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Youngseok Song, Taiji Nagaoka, Takafumi Yoshioka, Seigo Nakabayashi, Tomofumi Tani, Akitoshi Yoshida; Role of Glial Cells in Regulating Retinal Blood Flow During Flicker-Induced Hyperemia in Cats. Invest. Ophthalmol. Vis. Sci. 2015;56(12):7551-7559. doi: 10.1167/iovs.15-17676.
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© ARVO (1962-2015); The Authors (2016-present)
To investigate how glial cells participate in retinal circulation during flicker stimulation in cats.
Using laser Doppler velocimetry, we measured the vessel diameter and blood velocity simultaneously and calculated the retinal blood flow (RBF) in feline first-order retinal arterioles. Twenty-four hours after intravitreal injections of L-2-aminoadipic acid (LAA), a gliotoxic compound, and the solvent of 0.01 N hydrochloric acid as a control, we examined the changes in RBF in response to 16-Hz flicker stimulation for 3 minutes. We also measured the changes in RBF 2 hours after intravitreal injection of Nω-propyl-L-arginine (L-NPA), a selective neuronal nitric oxide synthase inhibitor, in LAA-treated eyes. To evaluate the effects of LAA on retinal neuronal function, ERGs were monitored. Immunohistochemical examinations were performed.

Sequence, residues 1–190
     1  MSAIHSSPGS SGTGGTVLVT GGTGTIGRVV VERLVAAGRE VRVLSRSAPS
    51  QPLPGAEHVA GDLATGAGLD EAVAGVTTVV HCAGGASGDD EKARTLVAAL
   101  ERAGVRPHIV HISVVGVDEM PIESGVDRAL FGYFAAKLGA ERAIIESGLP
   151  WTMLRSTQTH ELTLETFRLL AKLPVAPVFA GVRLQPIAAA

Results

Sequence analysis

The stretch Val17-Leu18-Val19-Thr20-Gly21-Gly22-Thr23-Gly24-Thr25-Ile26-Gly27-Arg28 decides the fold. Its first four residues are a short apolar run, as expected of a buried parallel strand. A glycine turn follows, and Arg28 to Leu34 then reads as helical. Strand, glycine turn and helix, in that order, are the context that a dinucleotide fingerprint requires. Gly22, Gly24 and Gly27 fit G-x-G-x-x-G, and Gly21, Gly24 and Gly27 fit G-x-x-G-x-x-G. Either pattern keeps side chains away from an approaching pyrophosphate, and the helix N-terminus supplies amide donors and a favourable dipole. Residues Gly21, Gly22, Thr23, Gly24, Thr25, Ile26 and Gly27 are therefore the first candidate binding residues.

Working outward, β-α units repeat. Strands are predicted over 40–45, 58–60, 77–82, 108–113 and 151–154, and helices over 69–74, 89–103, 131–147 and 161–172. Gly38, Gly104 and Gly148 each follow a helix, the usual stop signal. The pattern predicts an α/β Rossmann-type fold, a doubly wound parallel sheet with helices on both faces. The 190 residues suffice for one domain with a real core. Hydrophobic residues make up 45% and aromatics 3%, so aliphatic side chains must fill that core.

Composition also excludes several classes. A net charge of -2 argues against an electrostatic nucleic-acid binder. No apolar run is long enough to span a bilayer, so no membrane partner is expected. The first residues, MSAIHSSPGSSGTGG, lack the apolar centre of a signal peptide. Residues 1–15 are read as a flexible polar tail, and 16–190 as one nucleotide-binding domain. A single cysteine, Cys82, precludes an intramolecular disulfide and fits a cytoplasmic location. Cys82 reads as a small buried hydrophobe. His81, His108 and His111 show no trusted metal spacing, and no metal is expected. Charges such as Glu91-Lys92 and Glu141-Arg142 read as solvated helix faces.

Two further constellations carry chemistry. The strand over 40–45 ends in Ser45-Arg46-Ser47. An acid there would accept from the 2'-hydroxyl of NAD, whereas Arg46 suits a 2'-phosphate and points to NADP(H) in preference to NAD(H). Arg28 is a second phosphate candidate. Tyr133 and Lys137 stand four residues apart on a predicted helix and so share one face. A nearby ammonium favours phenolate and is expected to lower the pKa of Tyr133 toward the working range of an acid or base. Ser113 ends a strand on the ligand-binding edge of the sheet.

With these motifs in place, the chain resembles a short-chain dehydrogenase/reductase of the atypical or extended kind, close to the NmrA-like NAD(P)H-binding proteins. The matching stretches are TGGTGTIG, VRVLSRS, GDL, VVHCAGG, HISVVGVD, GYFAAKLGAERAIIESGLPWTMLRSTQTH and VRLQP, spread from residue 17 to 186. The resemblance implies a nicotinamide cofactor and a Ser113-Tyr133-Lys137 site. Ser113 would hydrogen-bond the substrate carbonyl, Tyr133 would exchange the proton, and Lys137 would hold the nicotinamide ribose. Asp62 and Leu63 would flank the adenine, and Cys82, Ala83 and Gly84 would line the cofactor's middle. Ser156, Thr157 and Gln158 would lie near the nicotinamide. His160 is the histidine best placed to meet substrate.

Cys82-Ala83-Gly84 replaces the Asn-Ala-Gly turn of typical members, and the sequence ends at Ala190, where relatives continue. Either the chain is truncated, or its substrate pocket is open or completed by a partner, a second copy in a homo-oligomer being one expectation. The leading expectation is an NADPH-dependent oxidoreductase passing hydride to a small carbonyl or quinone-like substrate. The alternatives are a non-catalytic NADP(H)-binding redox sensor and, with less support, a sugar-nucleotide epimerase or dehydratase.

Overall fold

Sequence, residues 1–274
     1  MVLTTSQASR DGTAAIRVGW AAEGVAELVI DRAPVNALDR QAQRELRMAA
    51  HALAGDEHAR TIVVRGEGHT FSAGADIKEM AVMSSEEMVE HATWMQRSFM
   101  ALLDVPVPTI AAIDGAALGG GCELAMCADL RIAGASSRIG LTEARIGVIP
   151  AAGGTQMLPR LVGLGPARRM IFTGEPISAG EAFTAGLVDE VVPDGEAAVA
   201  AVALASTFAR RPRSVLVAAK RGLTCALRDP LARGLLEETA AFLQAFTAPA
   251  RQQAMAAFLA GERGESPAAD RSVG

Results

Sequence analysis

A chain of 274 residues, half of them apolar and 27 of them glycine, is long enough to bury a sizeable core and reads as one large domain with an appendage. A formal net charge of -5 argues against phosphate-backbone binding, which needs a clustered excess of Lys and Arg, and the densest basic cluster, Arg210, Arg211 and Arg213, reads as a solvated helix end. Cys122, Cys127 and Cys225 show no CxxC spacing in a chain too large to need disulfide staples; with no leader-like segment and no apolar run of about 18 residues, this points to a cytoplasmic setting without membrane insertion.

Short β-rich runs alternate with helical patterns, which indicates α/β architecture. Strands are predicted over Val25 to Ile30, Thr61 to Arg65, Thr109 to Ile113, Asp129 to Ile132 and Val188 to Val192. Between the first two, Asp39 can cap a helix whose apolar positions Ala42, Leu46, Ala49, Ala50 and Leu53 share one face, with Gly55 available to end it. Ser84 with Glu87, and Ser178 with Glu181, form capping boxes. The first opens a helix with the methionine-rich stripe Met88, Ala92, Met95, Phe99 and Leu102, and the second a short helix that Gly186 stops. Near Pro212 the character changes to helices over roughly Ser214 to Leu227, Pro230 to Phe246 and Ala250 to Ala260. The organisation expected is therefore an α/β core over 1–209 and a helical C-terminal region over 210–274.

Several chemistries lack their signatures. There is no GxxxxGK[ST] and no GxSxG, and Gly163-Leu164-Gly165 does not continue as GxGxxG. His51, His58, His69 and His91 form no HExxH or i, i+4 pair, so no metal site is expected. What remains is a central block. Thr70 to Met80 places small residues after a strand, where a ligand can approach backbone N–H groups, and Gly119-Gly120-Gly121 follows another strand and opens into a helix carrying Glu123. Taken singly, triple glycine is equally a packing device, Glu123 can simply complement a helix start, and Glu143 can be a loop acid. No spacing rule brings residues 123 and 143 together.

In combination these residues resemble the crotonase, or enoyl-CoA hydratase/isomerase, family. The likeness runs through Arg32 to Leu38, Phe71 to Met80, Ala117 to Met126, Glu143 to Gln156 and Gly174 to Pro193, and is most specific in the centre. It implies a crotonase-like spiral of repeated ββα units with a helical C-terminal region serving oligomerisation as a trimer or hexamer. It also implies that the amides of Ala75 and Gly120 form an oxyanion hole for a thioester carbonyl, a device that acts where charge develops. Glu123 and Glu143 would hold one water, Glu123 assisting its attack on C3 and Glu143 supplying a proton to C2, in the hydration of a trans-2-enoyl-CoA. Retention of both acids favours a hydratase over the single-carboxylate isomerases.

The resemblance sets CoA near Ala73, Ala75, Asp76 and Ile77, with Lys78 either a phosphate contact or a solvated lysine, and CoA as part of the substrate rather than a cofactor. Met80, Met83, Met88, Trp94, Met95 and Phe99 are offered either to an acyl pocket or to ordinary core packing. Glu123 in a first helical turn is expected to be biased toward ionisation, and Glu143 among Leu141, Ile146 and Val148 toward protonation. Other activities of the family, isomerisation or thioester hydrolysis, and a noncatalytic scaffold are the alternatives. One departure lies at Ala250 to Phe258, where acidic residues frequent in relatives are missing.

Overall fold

In LAA-treated eyes, histologic changes selectively occurred in retinal glial cells. There were no significant reductions in amplitude or elongation of implicit time in ERG after LAA injections compared with controls. In control eyes, the RBF gradually increased and reached the maximal level (53.5% ± 2.5% increase from baseline) after 2 to 3 minutes of flicker stimulation. In LAA-treated eyes, the increases in RBF during flicker stimulation were attenuated significantly compared with controls. In LAA-treated eyes 2 hours after injection of L-NPA, flicker-evoked increases in RBF decreased significantly compared with LAA-treated eyes.
The current results suggested that increases in RBF in response to flicker stimulation were regulated partly by retinal glial cells.
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